Y va se faire crisser dehors.
He’s gonna get his ass fired.
Much too literally: “He’s gonna get himself christed out.”

Bonus: “Dechrist!”

This is our much-too-literal way of saying décrisse!, meaning fuck off! We looked at the verb décrisser in the same post linked to above in number 5.

Décrisse!
Fuck off! Piss off!
Much too literally: “Dechrist!”

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You pig. Only a peasant says “mourir.” The correct verb is “trépasser.”

OffQc supports you fully in your quest to learn French. But, hey, let’s be honest — learning French isn’t for everybody.

If you enjoy living a life free of complexes, French is most likely not for you.

French is probably the only language in the world where the vast majority of its speakers consider practically everything said in the language to be incorrect.

You thought you could use the basic verb mourir in France? How innocent of you.

No matter what word you choose to say in any language situation, there will always be a French person only too pleased to scold you:

You pig. Only a peasant says mourir. The correct verb is trépasser. One must demonstrate respect for the French people by speaking our language beautifully. One does not callously say mon chien est mort. One must say mon canidé domestique trépassa.

What, you thought things were better in Québec?

Oh, sure, the Québécois are proud to not be a bunch of square-head anglos, but this doesn’t stop them from sweeping up their language and pushing it under the rug. Remember the expression fucker le chien, the one that the Québécois sometimes use to describe having difficulty doing something?

If you use the expression fucker le chien in Québec, your interlocutor will smile and feel flattered that you used an expression from Québec. Ultimately, however, the linguistic complex written into the DNA of every single Québécois will kick in:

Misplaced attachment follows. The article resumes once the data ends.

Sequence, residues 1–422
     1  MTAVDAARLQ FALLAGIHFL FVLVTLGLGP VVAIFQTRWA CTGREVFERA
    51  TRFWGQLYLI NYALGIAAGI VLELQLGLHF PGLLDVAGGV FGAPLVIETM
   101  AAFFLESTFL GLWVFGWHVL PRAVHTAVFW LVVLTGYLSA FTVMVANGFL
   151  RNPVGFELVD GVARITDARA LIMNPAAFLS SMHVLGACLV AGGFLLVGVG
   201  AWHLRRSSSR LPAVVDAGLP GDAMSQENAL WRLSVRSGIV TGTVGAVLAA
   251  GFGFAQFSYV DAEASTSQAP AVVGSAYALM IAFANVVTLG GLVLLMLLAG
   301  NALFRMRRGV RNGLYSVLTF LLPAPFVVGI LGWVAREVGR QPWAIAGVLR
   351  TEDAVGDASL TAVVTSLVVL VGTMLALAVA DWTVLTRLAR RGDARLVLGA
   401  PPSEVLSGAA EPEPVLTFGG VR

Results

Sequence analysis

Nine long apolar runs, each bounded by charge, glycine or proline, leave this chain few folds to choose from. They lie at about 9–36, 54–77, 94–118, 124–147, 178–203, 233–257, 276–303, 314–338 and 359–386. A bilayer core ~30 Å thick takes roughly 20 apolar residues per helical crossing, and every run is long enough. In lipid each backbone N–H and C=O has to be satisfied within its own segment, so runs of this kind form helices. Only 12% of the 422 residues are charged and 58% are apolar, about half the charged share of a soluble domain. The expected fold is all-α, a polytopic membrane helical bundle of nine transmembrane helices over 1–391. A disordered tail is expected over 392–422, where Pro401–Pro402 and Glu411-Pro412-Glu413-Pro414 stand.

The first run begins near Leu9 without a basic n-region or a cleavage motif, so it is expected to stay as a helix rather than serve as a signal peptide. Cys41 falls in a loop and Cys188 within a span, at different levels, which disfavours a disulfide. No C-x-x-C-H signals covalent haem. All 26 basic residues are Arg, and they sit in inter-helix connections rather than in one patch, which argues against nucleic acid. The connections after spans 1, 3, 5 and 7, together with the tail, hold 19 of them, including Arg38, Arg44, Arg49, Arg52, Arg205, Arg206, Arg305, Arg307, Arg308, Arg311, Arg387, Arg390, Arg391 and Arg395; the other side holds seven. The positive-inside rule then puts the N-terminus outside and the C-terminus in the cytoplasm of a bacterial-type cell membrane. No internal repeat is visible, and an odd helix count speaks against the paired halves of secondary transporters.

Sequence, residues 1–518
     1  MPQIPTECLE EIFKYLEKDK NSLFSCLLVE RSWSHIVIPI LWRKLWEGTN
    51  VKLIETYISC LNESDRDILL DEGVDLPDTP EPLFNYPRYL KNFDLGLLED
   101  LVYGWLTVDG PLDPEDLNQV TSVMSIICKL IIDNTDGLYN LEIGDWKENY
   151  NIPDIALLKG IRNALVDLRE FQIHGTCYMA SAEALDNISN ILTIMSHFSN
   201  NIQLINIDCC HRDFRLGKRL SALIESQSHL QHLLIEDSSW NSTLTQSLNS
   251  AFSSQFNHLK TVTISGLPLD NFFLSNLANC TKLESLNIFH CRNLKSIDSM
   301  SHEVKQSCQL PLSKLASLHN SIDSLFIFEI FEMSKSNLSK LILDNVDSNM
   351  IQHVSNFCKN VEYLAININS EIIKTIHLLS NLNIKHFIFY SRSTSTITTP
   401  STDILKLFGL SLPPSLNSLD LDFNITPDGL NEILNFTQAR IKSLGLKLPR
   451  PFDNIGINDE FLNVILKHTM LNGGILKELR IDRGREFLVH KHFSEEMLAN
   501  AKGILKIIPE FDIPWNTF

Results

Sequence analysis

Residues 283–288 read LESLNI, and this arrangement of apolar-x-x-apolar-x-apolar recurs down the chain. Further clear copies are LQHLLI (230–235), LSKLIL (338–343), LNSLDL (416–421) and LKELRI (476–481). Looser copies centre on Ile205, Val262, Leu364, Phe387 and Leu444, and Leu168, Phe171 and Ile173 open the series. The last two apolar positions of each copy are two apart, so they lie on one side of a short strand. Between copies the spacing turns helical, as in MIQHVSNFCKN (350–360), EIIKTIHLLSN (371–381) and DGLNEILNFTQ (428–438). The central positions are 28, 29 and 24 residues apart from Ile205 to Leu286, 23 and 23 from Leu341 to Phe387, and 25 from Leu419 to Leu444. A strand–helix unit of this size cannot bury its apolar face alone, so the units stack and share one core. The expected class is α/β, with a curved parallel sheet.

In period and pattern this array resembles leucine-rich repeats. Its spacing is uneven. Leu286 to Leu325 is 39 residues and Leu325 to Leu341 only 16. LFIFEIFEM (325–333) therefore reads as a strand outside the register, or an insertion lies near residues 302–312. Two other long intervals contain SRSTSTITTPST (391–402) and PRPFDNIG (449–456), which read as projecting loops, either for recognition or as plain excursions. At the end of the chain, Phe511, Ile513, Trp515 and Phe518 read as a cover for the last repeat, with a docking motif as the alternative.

Where did you learn to say that? That’s so funny. Well, it’s true that the Québécois say fucker le chien, but it’s not correct. You should say posséder sexuellement, not fucker. The word chien isn’t really correct either, tsé. You should say canidé domestique. The correct way to say the expression isn’t fucker le chien, but posséder sexuellement le canidé domestique. That’s how they say it in France. You shouldn’t speak bad like us, tsé.

If you suffer from a complex when you speak French, congratulations! You probably speak French rather well.

If you’re still free of any complex when you speak French, you’re most likely new to the language. Welcome, friend.

If you’re somewhere in the middle in the sense that you’ve not yet developed a fully fledged complex but still acknowledge there may be truth to this — and you’re going to press on in French anyway — OffQc salutes you, brave soldier.

If you’re undecided about learning French and none of this sounds terribly appealing, do yourself a favour and learn Spanish instead.